b. 1937 – d. 2021
Piers Plowright was elected as a Fellow of the Royal Society of Literature in 1998.
Piers Plowright remembered – by Michael White
People are commonly described as saints when all it means is that they have a sympathetic smile. But Piers was more: his smile came from the soul. And every-thing about him said it was a truly good soul. Radiant, kind, generous, impressive.
I first knew him as a neighbour. He was living at the end of my street (or more accurately I was at the end of his, since he was there long before me), and we recognised each other through involvements with the BBC. He was retired from making endless radio programmes through the years, with award-laden distinction; I presented them, as best I could.
He took an interest in me and what I did – but then he took an interest in everyone and what they did, from newspaper proprietors to people selling The Big Issue. He knew everybody’s name and seemed to be their best friend. Which may well have been the case.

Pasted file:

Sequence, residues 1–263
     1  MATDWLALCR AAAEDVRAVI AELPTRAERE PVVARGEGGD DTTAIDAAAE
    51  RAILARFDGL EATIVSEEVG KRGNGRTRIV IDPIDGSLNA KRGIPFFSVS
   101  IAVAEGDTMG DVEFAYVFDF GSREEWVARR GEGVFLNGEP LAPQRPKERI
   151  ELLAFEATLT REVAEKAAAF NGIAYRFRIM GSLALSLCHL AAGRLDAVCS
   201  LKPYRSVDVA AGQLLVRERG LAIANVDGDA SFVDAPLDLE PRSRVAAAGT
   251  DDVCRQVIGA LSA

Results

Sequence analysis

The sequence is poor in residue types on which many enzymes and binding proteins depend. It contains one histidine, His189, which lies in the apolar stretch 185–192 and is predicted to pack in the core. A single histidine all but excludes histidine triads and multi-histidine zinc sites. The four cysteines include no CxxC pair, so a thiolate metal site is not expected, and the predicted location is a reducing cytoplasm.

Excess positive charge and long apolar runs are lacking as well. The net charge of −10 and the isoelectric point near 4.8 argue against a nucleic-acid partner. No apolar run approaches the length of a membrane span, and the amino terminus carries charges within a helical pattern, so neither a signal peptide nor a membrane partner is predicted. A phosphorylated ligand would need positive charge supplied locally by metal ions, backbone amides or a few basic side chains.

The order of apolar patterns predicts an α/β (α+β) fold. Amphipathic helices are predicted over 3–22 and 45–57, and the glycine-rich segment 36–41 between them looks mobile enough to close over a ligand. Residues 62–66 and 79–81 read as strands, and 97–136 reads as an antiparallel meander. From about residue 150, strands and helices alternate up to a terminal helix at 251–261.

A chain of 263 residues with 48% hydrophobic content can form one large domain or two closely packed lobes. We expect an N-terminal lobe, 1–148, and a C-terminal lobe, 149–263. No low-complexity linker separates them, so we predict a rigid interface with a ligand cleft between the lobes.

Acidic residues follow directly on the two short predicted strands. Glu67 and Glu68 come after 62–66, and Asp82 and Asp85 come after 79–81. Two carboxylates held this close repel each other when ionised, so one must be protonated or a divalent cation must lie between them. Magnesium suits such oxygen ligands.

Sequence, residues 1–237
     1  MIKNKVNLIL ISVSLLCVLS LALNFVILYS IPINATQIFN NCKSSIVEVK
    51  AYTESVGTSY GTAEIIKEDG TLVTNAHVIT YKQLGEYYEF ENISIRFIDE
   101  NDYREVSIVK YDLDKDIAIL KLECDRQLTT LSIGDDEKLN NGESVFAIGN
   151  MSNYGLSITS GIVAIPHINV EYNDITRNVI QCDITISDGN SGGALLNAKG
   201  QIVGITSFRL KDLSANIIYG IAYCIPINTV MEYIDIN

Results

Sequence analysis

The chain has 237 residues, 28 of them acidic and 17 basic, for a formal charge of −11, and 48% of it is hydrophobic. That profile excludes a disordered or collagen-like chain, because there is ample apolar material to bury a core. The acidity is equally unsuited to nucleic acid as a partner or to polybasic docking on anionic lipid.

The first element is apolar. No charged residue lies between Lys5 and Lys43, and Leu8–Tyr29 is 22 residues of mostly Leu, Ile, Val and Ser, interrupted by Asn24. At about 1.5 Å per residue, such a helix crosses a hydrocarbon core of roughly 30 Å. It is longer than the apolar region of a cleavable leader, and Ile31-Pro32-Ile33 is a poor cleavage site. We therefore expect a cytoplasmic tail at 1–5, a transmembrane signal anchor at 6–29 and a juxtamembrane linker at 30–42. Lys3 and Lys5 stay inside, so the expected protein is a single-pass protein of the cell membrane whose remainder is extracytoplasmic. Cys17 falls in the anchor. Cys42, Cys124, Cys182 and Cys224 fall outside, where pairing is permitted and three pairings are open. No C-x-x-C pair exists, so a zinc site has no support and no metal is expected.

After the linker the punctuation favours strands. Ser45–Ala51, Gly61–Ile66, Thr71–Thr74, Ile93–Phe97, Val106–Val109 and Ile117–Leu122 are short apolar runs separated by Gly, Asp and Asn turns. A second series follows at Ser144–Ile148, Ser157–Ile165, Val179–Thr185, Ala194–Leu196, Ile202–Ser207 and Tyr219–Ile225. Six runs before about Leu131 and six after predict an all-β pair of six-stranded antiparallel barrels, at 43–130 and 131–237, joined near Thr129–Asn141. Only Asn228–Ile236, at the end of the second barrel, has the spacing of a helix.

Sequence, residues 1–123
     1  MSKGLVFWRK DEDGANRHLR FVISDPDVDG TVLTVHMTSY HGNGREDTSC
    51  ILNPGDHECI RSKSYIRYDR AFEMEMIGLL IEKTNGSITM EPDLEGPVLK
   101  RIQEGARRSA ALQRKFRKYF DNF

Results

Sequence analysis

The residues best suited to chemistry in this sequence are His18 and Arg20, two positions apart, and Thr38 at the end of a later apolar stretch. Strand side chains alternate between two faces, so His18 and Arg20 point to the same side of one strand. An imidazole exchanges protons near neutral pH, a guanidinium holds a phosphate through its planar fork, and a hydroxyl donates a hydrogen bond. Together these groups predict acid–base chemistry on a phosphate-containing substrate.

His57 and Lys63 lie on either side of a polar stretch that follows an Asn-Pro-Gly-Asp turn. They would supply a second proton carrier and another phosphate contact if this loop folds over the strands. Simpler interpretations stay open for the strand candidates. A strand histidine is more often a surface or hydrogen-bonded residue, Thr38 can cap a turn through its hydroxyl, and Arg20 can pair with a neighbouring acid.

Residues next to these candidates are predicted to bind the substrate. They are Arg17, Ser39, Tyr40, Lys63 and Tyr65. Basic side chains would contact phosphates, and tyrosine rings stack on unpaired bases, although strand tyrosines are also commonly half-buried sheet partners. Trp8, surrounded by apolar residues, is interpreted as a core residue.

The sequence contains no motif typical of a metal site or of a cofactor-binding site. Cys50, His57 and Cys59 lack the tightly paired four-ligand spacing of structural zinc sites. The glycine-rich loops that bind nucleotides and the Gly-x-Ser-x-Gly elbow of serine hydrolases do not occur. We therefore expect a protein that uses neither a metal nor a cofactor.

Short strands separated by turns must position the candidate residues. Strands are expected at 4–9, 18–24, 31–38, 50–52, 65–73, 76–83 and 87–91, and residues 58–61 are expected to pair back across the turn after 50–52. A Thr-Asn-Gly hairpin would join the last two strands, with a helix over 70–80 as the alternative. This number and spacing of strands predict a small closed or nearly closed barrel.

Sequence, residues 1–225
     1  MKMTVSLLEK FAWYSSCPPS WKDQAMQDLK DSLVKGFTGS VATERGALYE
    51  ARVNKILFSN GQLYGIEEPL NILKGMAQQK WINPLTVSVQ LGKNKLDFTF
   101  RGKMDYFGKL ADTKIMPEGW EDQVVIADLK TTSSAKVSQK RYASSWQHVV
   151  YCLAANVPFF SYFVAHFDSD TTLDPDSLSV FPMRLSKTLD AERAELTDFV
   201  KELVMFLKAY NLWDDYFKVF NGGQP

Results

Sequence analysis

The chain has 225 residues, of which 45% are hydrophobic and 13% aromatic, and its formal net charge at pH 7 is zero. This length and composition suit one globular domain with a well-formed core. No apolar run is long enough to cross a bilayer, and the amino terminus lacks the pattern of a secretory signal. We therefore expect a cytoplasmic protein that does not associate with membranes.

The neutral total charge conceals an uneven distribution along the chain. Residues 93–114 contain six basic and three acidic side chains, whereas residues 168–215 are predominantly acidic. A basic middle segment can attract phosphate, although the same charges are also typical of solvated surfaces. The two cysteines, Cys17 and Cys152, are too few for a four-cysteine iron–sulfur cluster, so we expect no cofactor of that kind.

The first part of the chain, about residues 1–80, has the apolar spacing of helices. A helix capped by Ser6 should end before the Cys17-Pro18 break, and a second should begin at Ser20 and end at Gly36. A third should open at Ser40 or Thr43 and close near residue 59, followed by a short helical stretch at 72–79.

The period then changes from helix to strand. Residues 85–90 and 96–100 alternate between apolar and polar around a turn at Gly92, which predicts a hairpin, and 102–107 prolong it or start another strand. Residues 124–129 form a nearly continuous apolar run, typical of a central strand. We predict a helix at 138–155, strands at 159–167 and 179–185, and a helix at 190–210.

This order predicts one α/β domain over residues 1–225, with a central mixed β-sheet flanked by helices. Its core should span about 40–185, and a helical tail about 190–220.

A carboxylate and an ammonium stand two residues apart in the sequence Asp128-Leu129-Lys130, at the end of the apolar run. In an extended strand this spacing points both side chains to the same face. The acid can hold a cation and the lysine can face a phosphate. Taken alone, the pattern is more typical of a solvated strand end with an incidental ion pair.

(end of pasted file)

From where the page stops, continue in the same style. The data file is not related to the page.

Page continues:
He was undoubtedly a friend to me when I had problems in my life. We met in cafés. We had outings to museums. He was an unfailing source of good, wise, practical advice. And, best of all, he brokered some encounters that brought light into a lot of darkness – one of them with James Roose-Evans that resulted in an invitation to join James’s Sunday meditation group.
More broadly, Piers was a familiar presence on the streets of Hampstead, almost permanently based at one or other of its pavement cafés; at the Heath ponds, where he swam regardless of the temperature; in the small Roman Catholic church at Holly Place, where he devoutly went to Mass; in places like Burgh House, where he presented public talks with public figures, most of them his friends; and, not least, in the pages of the local newspaper, the Camden New Journal, where he reviewed books. Kindly.
But then Piers was born in Hampstead, growing up in Church Row as the son of a well-loved GP. And though he subsequently lived and worked abroad, the pull of NW3 proved strong. It’s no surprise that one of his creations at the BBC had been a daily soap opera based loosely but identifiably on Flask Walk in the centre of the village.
In retirement he remained a legendary name in public service broadcasting, asked back to reminisce about what happened in the days when it was better funded, better thought of, and perhaps more principled. And when he wasn’t doing that, he painted pictures (with exuberant panache), wrote poetry, and did good works. It would be tempting to add ‘settled into sainthood’ if that didn’t sound comedic or extravagant, and something Piers himself would have dismissed as nonsense. But in many ways it wasn’t nonsense. To have known him was to think that it might just be true.